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Acknowledgements

Collaborators Leuven Liver Transplant program members are: Joost Wauters (Department of Microbiology, Immunology and Transplantation, Laboratory for Clinical Infectious and Inflammatory Disorders, KU Leuven, Leuven, Belgium; Department of General Internal Medicine, Medical Intensive Care Unit, University Hospitals Leuven, Leuven, Belgium), Alexander Wilmer (Department of Microbiology, Immunology and Transplantation, Laboratory for Clinical Infectious and Inflammatory Disorders, KU Leuven, Leuven, Belgium; Department of General Internal Medicine, Medical Intensive Care Unit, University Hospitals Leuven, Leuven, Belgium), Nicholas Gilbo (Department of Microbiology, Immunology and Transplantation, Laboratory of Abdominal Transplantation, KU Leuven, Leuven, Belgium; Department of Abdominal Transplant Surgery and Coordination, University Hospitals Leuven, Leuven, Belgium), Ina Jochmans (Department of Microbiology, Immunology and Transplantation, Laboratory of Abdominal Transplantation, KU Leuven, Leuven, Belgium; Department of Abdominal Transplant Surgery and Coordination, University Hospitals Leuven, Leuven, Belgium), Jacques Pirenne (Department of Microbiology, Immunology and Transplantation, Laboratory of Abdominal Transplantation, KU Leuven, Leuven, Belgium; Department of Abdominal Transplant Surgery and Coordination, University Hospitals Leuven, Leuven, Belgium), Mauricio Sainz Barriga (Department of Microbiology, Immunology and Transplantation, Laboratory of Abdominal Transplantation, KU Leuven, Leuven, Belgium; Department of Abdominal Transplant Surgery and Coordination, University Hospitals Leuven, Leuven, Belgium), Yves Debaveye (Department of Cellular and Molecular Medicine, Laboratory of Intensive Care Medicine, KU Leuven, Leuven, Belgium; Department of Intensive Care Medicine, Intensive Care Unit, Leuven, University Hospitals Leuven, Leuven, Belgium), Jan Gunst (Department of Cellular and Molecular Medicine, Laboratory of Intensive Care Medicine, KU Leuven, Leuven, Belgium; Department of Intensive Care Medicine, Intensive Care Unit, Leuven, University Hospitals Leuven, Leuven, Belgium), Geert Meyfroidt (Department of Cellular and Molecular Medicine, Laboratory of Intensive Care Medicine, KU Leuven, Leuven, Belgium; Department of Intensive Care Medicine, Intensive Care Unit, Leuven, University Hospitals Leuven, Leuven, Belgium), Wim Laleman (Department of Chronic Diseases and Metabolism, Hepatology, KU Leuven, Leuven, Belgium; Department of Gastroenterology and Hepatology, University Hospitals Leuven, Leuven, Belgium), Frederik Nevens (Department of Chronic Diseases and Metabolism, Hepatology, KU Leuven, Leuven, Belgium; Department of Gastroenterology and Hepatology, University Hospitals Leuven, Leuven, Belgium), Hannah Van Malenstein (Department of Chronic Diseases and Metabolism, Hepatology, KU Leuven, Leuven, Belgium; Department of Gastroenterology and Hepatology, University Hospitals Leuven, Leuven, Belgium), Jef Verbeek (Department of Chronic Diseases and Metabolism, Hepatology, KU Leuven, Leuven, Belgium; Department of Gastroenterology and Hepatology, University Hospitals Leuven, Leuven, Belgium), Chris Verslype (Department of Chronic Diseases and Metabolism, Hepatology, KU Leuven, Leuven, Belgium; Department of Gastroenterology and Hepatology, University Hospitals Leuven, Leuven, Belgium), Tania Roskams (Department of Imaging and Pathology, Translational Cell & Tissue Research, KU Leuven, Leuven, Belgium; Department of Imaging and Pathology, University Hospitals Leuven, Leuven, Belgium), Vincent Vandecaveye (Department of Imaging and Pathology, Translational MRI, KU Leuven, Leuven, Belgium; Department of Radiology, University Hospitals Leuven, Leuven, Belgium), Tim Balthazar (Department of Cardiovascular Diseases, Cardiology, KU Leuven, Leuven, Belgium; Department of Cardiovascular Diseases, Leuven, University Hospitals Leuven, Leuven, Belgium), Christophe Vandenbriele (Department of Cardiovascular Diseases, Cardiology, KU Leuven, Leuven, Belgium; Department of Cardiovascular Diseases, Leuven, University Hospitals Leuven, Leuven, Belgium), Greet Hermans (Department of Cellular and Molecular Medicine, Laboratory of Intensive Care Medicine, KU Leuven, Leuven, Belgium; Department of General Internal Medicine, Medical Intensive Care Unit, Leuven, University Hospitals Leuven, Leuven, Belgium), Peter Rogiers (ZNA Middelheim, Intensive Care Unit, Antwerp, Belgium), Marleen Verhaegen (Anesthesiology and Algology, KU Leuven, Leuven, Belgium; Department of Anesthesiology, University Hospitals Leuven, Leuven, Belgium)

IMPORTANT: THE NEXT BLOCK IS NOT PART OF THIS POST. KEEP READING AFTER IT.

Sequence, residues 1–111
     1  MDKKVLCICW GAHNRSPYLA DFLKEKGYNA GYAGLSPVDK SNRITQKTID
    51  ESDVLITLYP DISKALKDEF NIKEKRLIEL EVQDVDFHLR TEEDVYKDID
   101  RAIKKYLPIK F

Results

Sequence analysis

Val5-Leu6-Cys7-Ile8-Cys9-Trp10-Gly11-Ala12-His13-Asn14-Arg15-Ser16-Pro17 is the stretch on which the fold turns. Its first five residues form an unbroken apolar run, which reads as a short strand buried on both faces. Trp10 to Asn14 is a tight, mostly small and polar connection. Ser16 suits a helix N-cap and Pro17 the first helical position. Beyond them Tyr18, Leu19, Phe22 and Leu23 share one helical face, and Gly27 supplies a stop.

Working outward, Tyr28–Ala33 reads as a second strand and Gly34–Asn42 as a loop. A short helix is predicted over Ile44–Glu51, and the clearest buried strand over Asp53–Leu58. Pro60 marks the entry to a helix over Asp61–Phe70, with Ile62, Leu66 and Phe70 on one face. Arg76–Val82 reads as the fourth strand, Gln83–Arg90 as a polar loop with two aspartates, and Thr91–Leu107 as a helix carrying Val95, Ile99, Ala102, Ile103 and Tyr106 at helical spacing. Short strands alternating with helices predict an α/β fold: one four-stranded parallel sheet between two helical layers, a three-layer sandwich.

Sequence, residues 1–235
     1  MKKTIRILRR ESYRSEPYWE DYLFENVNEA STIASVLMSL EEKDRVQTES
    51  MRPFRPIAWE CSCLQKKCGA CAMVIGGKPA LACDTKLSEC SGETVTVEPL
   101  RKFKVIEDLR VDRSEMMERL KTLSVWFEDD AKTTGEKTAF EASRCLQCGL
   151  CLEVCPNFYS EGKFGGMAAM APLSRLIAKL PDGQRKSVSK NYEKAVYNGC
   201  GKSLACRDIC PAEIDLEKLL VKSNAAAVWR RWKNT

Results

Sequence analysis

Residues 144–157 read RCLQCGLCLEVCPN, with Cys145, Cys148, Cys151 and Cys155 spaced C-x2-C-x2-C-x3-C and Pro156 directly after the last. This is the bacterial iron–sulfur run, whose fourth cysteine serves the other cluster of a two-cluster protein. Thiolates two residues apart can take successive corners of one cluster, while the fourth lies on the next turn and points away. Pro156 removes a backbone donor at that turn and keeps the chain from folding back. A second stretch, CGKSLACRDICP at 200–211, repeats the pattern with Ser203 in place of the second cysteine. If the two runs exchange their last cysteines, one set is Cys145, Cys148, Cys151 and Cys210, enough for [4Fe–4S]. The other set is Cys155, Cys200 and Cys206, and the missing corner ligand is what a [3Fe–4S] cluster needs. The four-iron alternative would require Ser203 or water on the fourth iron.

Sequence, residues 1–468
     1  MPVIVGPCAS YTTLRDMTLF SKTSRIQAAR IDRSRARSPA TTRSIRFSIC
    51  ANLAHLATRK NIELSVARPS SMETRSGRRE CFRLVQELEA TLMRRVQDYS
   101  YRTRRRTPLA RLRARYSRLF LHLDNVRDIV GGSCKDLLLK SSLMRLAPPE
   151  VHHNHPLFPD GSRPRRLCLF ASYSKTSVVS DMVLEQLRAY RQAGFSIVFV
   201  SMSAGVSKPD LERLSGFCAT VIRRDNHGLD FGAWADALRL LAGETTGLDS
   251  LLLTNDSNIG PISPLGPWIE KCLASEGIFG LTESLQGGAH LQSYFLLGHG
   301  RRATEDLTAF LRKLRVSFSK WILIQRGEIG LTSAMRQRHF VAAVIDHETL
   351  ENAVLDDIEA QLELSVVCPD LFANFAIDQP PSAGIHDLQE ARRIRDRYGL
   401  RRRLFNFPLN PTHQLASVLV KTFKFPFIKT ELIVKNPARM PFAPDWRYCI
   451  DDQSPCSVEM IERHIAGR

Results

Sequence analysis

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Correspondence to Diethard Monbaliu.

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Meersseman, P., Blondeel, J., De Vlieger, G. et al. Secondary sclerosing cholangitis: an emerging complication in critically ill COVID-19 patients. Intensive Care Med 47, 1037–1040 (2021). https://doi.org/10.1007/s00134-021-06445-8